This is a callous and foolish reactionary statement that too many black people are comfortable uttering whenever there is justified outrage at state-sanctioned hate crimes committed by police officers. It’s insulting to the countless individuals and organizations that battle gang violence in communities on a regular basis; but even worse, it assumes that a member of law enforcement killing an innocent black person is no different than black people killing each other. According to the Sentencing Project, African Americans are 21 percent more likely to receive mandatory-minimum sentences than white defendants and are 20 percent more likely to be sentenced to prison. That’s civilian black-versus-white conviction rates. When you factor in the relative few cases of white police officers actually being arrested, charged and convicted with murder after killing black people, and compare it to the rate that black men are put in jail for murder; it’s clear that only one type of offender is really feeling the brunt of the justice system. And it’s not the cop.
“We have to start with loving ourselves”
Black people’s alleged lack of self-love has nothing to do with systematic and institutional racism that continues to marginalize and exploit our communities. This system thrives on the backs of poor people, and more often than not, it is committed to keeping certain people poor. Black people loving themselves doesn’t alter the fact that black wealth as at the lowest that it’s been in 30 years–despite there being more blacks that are attending colleges. Going to college to better oneself is an act of love and self-worth, but what happens when you leave that college and find there are fewer job opportunities for you than there are for your white counterparts? Black people loving themselves doesn’t change the fact that, in the town of Ferguson, there are only 3 black police officers on a department that serves a community that’s 63 percent black. Black people’s love of themselves doesn’t help an Oscar Grant or a Sean Bell or an Eric Garner. Black people loving themselves hasn’t slowed or stifled urban gentrification of our neighborhoods. As long as white America is committed to the abuse, marginalization and subjugation of blackness, our own love of ourselves won’t save us from the economic tyranny and domestic terrorism visited upon us. It never has.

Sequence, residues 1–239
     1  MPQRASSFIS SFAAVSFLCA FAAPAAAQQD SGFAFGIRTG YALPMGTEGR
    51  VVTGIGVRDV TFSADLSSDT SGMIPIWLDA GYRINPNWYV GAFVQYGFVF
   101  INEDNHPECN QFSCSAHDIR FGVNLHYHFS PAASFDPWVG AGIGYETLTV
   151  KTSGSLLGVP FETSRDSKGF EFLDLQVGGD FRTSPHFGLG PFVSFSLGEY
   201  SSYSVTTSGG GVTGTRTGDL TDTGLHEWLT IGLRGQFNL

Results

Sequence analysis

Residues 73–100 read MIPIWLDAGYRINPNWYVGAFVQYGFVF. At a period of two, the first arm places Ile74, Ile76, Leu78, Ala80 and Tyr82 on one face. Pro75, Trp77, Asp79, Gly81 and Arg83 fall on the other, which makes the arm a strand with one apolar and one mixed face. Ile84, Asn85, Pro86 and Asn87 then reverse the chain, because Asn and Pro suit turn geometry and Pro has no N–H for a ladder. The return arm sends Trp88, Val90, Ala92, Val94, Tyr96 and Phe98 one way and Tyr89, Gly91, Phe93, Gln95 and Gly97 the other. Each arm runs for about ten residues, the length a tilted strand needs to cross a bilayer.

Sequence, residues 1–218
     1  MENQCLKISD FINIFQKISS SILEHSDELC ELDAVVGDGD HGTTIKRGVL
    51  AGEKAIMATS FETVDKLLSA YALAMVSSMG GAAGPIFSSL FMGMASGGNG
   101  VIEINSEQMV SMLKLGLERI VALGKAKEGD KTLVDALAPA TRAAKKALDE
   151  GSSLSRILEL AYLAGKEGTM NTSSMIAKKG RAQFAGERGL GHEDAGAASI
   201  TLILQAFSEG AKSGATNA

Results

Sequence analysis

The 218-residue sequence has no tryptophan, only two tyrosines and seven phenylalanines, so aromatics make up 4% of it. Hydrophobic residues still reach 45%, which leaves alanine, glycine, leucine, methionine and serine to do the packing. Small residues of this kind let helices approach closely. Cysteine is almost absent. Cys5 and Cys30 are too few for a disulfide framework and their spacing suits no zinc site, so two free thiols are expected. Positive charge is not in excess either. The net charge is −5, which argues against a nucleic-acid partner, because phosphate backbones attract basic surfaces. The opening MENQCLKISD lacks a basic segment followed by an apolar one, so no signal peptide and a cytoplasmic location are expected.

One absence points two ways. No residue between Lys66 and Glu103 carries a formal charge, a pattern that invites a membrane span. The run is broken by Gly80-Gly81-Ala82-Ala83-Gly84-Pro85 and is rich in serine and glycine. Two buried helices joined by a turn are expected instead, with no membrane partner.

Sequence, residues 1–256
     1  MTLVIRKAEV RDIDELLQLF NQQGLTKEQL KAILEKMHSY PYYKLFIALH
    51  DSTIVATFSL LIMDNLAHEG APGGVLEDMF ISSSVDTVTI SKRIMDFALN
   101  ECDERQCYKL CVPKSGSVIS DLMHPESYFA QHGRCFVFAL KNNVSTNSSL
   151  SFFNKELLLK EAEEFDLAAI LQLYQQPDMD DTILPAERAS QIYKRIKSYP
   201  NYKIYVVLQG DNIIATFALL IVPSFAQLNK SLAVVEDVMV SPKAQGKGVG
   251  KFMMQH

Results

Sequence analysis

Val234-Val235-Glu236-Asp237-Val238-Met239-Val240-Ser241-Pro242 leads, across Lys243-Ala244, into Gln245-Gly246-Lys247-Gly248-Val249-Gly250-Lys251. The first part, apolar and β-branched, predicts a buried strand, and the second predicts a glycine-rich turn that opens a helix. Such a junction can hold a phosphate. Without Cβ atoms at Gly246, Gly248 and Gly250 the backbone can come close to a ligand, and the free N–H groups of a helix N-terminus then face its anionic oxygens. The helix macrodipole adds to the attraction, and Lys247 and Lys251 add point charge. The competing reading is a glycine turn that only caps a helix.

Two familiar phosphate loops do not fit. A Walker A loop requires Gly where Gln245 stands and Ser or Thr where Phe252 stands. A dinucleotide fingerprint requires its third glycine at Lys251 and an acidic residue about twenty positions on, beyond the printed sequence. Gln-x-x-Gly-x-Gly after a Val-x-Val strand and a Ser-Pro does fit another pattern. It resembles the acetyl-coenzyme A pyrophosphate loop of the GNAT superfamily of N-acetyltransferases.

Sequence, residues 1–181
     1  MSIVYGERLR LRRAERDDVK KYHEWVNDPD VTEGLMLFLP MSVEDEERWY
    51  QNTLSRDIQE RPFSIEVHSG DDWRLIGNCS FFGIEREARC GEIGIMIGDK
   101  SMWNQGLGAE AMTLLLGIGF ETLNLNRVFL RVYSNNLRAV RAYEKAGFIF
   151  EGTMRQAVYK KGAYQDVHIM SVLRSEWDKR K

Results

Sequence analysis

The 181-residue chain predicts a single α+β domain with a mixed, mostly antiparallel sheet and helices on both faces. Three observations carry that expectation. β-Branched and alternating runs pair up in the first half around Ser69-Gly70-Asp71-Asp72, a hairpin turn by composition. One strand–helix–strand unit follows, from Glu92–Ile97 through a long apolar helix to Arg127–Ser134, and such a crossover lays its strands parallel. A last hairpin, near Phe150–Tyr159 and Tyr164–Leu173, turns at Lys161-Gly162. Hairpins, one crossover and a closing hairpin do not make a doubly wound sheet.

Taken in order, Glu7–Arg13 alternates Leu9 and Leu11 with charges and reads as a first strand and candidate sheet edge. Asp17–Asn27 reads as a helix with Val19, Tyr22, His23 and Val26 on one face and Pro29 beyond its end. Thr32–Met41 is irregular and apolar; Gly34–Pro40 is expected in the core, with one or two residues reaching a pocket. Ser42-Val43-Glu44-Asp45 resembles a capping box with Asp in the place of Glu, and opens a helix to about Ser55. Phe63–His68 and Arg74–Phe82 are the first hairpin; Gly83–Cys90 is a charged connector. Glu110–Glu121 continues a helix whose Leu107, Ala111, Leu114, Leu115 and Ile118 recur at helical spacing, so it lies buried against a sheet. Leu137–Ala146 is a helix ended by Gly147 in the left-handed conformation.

“Why aren’t the rappers saying anything?”
I’ve noticed over the past several days that this particular bit of hand-wringing seems to come mostly from hip-hop’s first generation: those 70s and early 80s babies who grew up with Public Enemy, Ice Cube and 2Pac. Those 30-40 somethings who had rapper’s speaking out regularly on hot button issues such as police brutality. But I’ve also noticed over the past several days that young people — mostly 20-somethings — have been mobilizing and sharing information via social media, galvanizing a movement and raising awareness. While the grownups are looking for a hero, the youth are pushing forward themselves. They didn’t grow up with this somewhat-naive notion of a recording artist being “the voice of a generation” or leading them anywhere. They look to these stars for entertainment and trends — and that’s about it. They don’t believe in them as leaders. And perhaps that’s a good thing. As a result, we have an entire generation that knows its own worth and realizes its own capacity for initiating change. They’re not waiting for a rapper to tell them what to do. And they’re stronger for it.